Posted from: Tuesday, April 03, 2018 - 04:05 PM - Present

Tasigna Receives New Indications

March 22, 2018 – The U.S. FDA has approved new indications for Tasigna® (nilotinib), manufactured by Novartis, to treat both children at least one year of age and teens at who have chronic phase Philadelphia chromosome-positive chronic myeloid leukemia (Ph+ CML).

Approximately 3% of pediatric patients with newly diagnosed lymphoma have CML, according to the Leukemia and Lymphoma Society. A lack of study into treatment options for these patients has led to a lack of standardized treatments, with protocols often based on approaches used in adults.

A tyrosine kinase inhibitor (TKI), Tasigna can inhibit cancer growth by selectively blocking signals from enzymes. It can be used in patients who have never received TKIs before, or who have been treated with TKIs that caused intolerable side effects. Recommended dosing under the pediatric indication is 230mg/m2 of body surface area twice per day, up to a maximum of 400mg per dose. The drug should be taken either two hours before or one hour after eating.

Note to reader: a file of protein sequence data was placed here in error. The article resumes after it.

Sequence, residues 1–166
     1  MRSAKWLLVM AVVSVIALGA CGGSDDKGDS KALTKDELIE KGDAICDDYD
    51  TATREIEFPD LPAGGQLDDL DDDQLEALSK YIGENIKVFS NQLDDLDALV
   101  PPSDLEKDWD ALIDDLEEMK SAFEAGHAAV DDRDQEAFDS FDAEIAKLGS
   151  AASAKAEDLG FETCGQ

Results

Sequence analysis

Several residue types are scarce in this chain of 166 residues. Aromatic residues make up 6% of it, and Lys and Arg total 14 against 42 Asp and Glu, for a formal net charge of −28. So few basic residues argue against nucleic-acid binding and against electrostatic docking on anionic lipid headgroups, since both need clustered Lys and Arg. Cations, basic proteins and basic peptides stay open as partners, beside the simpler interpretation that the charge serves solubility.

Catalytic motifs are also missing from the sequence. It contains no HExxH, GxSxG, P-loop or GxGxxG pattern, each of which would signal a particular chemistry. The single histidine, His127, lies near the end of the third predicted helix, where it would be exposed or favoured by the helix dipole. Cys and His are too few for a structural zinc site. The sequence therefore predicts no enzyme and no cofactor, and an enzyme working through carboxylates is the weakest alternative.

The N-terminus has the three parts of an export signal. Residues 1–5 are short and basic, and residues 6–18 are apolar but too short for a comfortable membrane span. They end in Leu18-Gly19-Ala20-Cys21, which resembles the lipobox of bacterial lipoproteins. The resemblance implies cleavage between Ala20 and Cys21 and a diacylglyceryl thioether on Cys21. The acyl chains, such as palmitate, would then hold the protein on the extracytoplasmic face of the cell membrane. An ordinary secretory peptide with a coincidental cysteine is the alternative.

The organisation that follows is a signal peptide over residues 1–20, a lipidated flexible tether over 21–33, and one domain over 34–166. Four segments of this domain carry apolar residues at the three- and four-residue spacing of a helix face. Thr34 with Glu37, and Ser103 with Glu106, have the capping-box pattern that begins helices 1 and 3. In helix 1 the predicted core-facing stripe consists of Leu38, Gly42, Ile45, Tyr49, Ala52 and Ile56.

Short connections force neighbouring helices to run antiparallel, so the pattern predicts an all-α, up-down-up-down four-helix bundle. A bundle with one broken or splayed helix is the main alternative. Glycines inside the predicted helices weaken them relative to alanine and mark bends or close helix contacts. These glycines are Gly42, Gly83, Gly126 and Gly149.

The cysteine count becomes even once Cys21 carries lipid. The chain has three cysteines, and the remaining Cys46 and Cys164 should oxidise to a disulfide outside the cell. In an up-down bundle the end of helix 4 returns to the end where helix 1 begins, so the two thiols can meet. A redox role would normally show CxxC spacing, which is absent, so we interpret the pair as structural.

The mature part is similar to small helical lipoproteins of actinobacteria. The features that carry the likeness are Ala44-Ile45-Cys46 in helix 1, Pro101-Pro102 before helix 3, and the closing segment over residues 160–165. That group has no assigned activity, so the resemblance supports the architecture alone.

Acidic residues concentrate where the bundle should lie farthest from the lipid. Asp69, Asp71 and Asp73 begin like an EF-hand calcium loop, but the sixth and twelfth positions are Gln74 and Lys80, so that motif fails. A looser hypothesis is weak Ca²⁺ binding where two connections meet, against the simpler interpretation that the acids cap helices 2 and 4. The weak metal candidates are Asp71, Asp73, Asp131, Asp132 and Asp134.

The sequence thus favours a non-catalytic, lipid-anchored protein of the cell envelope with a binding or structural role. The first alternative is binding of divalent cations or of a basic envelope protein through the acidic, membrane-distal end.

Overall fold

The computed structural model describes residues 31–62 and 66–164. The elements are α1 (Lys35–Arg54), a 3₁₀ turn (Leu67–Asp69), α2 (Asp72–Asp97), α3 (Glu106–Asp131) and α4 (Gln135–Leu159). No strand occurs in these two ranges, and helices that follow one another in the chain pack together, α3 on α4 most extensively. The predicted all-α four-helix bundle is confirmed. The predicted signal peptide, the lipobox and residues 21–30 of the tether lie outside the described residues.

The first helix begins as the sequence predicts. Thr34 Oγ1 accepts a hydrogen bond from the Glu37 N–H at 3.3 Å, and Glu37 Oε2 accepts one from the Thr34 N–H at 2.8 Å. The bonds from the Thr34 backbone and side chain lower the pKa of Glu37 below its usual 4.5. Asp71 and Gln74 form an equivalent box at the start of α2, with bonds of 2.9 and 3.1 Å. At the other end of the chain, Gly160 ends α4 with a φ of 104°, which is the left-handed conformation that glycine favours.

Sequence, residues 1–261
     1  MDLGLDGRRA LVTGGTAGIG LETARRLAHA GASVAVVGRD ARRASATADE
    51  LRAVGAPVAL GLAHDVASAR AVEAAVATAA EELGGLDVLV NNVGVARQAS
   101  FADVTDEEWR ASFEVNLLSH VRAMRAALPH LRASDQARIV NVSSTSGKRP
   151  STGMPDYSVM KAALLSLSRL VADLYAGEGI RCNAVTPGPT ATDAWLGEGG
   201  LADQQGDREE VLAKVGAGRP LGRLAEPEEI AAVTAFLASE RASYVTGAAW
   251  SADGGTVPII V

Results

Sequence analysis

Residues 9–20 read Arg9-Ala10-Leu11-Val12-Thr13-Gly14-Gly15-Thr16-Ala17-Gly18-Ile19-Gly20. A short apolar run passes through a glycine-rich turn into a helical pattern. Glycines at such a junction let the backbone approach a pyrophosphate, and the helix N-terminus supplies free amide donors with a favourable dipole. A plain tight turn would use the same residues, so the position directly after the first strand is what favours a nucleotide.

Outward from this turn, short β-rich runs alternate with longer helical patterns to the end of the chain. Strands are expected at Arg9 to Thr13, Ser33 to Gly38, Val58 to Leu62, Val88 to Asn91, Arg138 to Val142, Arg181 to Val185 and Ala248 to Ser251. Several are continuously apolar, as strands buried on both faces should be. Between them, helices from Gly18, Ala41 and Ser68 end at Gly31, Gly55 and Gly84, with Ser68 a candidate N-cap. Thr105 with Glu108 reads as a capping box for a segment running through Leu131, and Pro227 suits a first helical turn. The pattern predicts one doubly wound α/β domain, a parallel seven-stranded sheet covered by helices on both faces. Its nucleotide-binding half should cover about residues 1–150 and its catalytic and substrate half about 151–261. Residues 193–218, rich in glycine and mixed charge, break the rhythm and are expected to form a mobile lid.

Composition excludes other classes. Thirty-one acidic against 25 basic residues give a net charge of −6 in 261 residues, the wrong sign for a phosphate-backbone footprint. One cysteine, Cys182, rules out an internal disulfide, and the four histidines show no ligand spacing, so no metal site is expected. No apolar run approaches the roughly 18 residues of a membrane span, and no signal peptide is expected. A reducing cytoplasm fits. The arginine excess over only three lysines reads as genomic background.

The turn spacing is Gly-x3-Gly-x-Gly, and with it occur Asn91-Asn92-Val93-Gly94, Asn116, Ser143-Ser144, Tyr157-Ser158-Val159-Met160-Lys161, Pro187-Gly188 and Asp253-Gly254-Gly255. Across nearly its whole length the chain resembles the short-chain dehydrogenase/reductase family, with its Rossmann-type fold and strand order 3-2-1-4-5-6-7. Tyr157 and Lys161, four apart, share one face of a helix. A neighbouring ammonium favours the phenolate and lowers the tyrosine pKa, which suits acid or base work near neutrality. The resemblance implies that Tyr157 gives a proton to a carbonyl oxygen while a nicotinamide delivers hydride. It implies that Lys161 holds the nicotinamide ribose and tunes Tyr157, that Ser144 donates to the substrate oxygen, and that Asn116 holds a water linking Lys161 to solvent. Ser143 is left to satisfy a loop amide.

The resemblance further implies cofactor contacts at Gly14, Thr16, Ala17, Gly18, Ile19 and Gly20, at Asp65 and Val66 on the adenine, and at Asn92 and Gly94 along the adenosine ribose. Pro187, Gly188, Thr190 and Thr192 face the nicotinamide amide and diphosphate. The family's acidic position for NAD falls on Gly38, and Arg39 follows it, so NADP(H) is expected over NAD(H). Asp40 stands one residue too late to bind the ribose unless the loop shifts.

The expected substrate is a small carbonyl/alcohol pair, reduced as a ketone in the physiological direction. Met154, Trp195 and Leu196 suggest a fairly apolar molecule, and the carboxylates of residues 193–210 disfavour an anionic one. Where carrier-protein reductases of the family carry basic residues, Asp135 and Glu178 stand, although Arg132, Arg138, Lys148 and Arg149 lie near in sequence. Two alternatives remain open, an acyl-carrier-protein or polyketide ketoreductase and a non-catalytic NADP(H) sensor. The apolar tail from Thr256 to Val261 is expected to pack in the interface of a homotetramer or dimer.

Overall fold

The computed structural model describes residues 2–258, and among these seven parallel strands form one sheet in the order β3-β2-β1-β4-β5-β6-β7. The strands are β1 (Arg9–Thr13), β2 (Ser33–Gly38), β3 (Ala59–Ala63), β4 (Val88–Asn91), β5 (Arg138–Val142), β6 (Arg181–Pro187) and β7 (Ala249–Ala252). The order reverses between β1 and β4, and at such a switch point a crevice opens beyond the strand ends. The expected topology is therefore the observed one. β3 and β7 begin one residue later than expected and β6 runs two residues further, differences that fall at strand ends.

Tasigna has been associated with prolonged QT intervals (a disruption of normal heart rhythms) and sudden death, according to a black box warning. Patients should be carefully monitored through electrocardiograms during treatment with Tasigna.

 

Adverse reactions or quality problems experienced with the use of a recalled product may be reported to the FDA’s MedWatch Adverse Event Reporting Program either online, by U.S. mail or by fax.

Actual drug patent expiration dates and availability of new medications are subject to change due to patent litigation, settlement agreements, additional patents, exclusivities, and final FDA approval.  Distribution and availability of new medications at pharmacies may not occur immediately following FDA approval.  Patients are advised to speak with their healthcare professional or pharmacist regarding appropriateness as well as actual availability.

*This is provided for information only.  The reference to any medication above does not mean the medication is covered by your plan.

 

Last Updated Sunday, April 22, 2018 - 05:33 AM.